Nashville high-strung tuning is one of the guitar’s great magic tricks. It has a delicious, “secrets of the Guild” quality — you feel like an insider just knowing what it is.
Not that I did know what it is until embarrassingly late in life. For the sake of my fellow late-bloomers, I’ll explain: You replace your guitar’s lowest four strings with thinner strings tuned an octave higher than normal.
You can think of it as using the higher-pitched of a each pair in a 12-string string set. (Or the top two strings of a normal set, and the top four strings from another normal set, with the first string as the third string, the second string as the fourth, etc.)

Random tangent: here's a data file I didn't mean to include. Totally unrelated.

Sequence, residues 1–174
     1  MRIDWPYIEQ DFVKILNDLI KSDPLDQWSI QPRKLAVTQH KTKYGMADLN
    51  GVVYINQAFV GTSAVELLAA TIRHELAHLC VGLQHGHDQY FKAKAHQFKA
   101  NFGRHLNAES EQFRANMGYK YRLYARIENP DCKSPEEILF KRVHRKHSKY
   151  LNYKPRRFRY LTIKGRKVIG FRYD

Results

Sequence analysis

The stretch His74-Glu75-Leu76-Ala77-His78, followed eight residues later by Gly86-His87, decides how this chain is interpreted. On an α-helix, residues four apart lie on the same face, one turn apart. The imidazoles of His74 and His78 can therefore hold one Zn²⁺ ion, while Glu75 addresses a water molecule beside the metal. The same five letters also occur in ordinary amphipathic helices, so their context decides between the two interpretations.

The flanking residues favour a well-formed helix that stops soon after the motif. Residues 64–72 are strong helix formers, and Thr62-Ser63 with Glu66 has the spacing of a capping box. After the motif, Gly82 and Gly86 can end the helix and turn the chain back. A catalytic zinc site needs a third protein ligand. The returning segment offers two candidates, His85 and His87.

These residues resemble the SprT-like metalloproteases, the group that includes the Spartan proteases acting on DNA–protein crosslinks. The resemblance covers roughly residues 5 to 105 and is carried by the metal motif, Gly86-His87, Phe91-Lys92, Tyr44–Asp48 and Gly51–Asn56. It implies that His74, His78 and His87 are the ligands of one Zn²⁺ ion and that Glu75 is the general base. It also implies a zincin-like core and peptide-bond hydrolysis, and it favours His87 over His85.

I love how this tuning can work subliminal magic, or step front and center for marquee riffs. Nashville session players conceived it as a way to add stereo shimmer to doubled acoustic guitar tracks. But rock players have used it to great effect as a foreground sound, as heard on the Stones’ “Wild Horses,” Floyd’s “Hey You,” Kansas’s “Dust in the Wind,” and Tracy Chapman’s “The Promise.”
Here’s a quick little demonstration, both solo and in a mix:
Not everyone can afford to keep a high-quality high-strung around. (And regular strings are going back on my old Martin as soon as I post this!) But you also get great results with inexpensive, small-bodied “travel guitars” such as the Baby Taylor and the Martin Backpacker. Those two guitars sound really nice — they just haven’t got much low-end, but hey, neither does the tuning!